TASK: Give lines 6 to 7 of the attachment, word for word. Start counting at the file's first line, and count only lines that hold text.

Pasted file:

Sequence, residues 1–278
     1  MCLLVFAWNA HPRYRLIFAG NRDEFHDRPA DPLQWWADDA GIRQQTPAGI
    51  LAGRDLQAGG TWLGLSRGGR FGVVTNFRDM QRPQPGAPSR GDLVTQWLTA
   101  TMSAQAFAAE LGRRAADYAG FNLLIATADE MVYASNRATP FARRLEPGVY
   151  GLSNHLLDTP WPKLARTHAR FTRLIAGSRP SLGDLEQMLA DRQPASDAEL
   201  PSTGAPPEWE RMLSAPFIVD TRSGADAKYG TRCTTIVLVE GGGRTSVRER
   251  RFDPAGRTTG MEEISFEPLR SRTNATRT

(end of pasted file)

   201  PSTGAPPEWE RMLSAPFIVD TRSGADAKYG TRCTTIVLVE GGGRTSVRER
   251  RFDPAGRTTG MEEISFEPLR SRTNATRT